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West v. Amberson

United States District Court, N.D. Alabama, Eastern Division

February 9, 2018

JOSEPH STEPHEN WEST, Plaintiff,
v.
JAYME AMBERSON, et al., Defendants.

          MEMORANDUM OPINION AND ORDER [1]

          STACI G. CORNELIUS U.S. MAGISTRATE JUDGE

On July 20, 2017, Joseph Stephen West, proceeding pro se, filed this action against Jayme Amberson and Wendall Ward pursuant to 42 U.S.C. § 1983. (Doc. 1). Defendant Amberson filed a motion to dismiss on August 16, 2017. (Doc. 4). Defendant Ward filed a motion to dismiss on September 14, 2017. (Doc. 13). Both motions are fully briefed and before the court for decision. For the reasons stated below, Amberson's motion to dismiss (Doc. 4) is due to be granted and Ward's motion to dismiss (Doc. 13) is due to be denied.

         I. BACKGROUND

         On April 6, 2017, Plaintiff filed a complaint in Calhoun County Circuit Court against Jayme Amberson, former Assistant District Attorney for Calhoun County, alleging claims of malicious prosecution and fraud. (Doc. 5-1). On May 16, 2017, Amberson filed a motion to dismiss, [2] arguing she was absolutely immune from suit pursuant to prosecutorial immunity, and asked the court to dismiss the complaint with prejudice. On May 25, 2017, Circuit Judge Bud Turner granted Amberson's motion to dismiss.[3] (Doc. 5-2). Two months later, on July 20, 2017, Plaintiff filed a complaint in this court. (Doc. 1).

         II. DISCUSSION

         Defendant Amberson contends Plaintiff's claims against her are barred by the doctrine of res judicata. (Docs. 4 & 5). Defendant Ward contends Plaintiff's claims against him are similarly barred by the doctrine of res judicata and collateral estoppel. (Docs. 13 & 14). The court addresses each defendant separately.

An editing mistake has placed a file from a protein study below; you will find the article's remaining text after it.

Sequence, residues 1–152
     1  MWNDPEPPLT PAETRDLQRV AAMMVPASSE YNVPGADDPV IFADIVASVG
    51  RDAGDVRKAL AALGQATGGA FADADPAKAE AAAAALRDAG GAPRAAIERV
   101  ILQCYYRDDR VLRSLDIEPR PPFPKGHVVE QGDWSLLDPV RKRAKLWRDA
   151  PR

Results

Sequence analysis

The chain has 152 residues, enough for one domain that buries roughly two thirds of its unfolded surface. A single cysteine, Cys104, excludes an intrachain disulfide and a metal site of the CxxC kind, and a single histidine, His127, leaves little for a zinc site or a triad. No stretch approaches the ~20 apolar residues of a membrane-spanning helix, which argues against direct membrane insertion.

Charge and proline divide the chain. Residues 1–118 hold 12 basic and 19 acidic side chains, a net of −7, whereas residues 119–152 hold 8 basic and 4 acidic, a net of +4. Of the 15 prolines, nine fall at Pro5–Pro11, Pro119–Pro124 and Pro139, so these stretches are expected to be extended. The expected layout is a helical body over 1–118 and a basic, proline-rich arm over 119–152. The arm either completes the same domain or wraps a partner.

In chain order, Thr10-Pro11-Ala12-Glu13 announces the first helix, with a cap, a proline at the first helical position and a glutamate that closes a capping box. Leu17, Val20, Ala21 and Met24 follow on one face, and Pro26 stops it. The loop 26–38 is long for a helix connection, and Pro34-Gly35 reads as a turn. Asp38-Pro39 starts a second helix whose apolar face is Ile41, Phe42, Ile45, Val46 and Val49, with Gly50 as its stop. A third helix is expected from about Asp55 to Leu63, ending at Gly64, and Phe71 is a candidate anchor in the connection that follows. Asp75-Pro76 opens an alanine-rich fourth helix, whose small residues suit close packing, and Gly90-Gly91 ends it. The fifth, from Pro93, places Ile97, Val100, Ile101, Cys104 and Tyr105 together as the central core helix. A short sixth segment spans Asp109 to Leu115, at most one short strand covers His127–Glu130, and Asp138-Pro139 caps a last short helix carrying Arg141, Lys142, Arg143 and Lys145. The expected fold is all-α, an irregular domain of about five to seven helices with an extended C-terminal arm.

A. Defendant Amberson

         “When [a federal court] consider[s] whether to give res judicata effect to a state court judgment, we must apply the res judicata principles of the law of the state whose decision is set up as a bar to further litigation.” Muhammad v.Secretary, Florida Dept. of Corrections, 739 F.3d 683, 688 (11th Cir. 2014) (internal quotations and citations omitted). In Alabama, “[t]he doctrine of res judicata bars subsequent claims involving the ‘identical parties, facts and subject matter litigated, or those which could have been litigated, in an earlier lawsuit.'” Higgins v. Henderson, 551 So.2d 1050, 1052 (Ala. 1989) (quoting Chavers v.National Sec. Fire & Cas. Co., 456 So.2d 293, 294 (Ala. 1984)). Stated differently,

[t]he traditional res judicata case (frequently referred to as a claim preclusion) involves prior litigation between a plaintiff and a defendant, which is decided on the merits by a court of competent jurisdiction, and then a subsequent attempt by the prior plaintiff to relitigate the same cause of action against the same defendant, or perhaps to relitigate a different claim not previously litigated but which arises out of the same evidence. Alabama law is well settled that this will not be allowed. A valid, final judgment on the merits of the claim extinguishes the claim. If the plaintiff won, the claim is merged into the judgment; if the defendant won, the plaintiff is barred from relitigating any matter which could have been litigated in the prior action.

Whisman v. Alabama Power Co., 512 So.2d 78, 81 (Ala. 1987) (internal citations omitted).

         Plaintiff contends res judicata does not bar the instant complaint against Amberson because the state court complaint was not dismissed on the merits. (Doc. 11). The court disagrees. The law is clear dismissal for failure to state a claim under Federal Rule of Civil Procedure 12(b)(6) is a judgment on the merits. Federated Dep't. Stores, Inc. v. Moitie, 452 U.S. 394, 399 n.3 (1981). It follows, therefore, that Alabama Rule of Civil Procedure 12(b)(6) is a judgment on the merits as they both are dismissals for failure to state a claim upon which relief can be granted.

         In the state court action, Amberson moved for dismissal for failure to state a claim based on prosecutorial immunity under Alabama law and sought dismissal with prejudice. Her motion argued the allegations contained in the complaint squarely fell within the scope of her prosecutorial discretion and, therefore, Plaintiff could prove no set of facts entitling him to relief. Judge Turner granted the motion to dismiss. That dismissal was a judgment on the merits.

         There is no question the remaining elements of the res judicata test are satisfied. Plaintiff does not dispute the prior decision was rendered by a court of competent jurisdiction and the parties were identical in both suits. Additionally, a review of both complaints shows all causes of actions against Amberson asserted in this case were also raised in the complaint in Calhoun County. Accordingly, Amberson's motion to dismiss is GRANTED.

         B. ...


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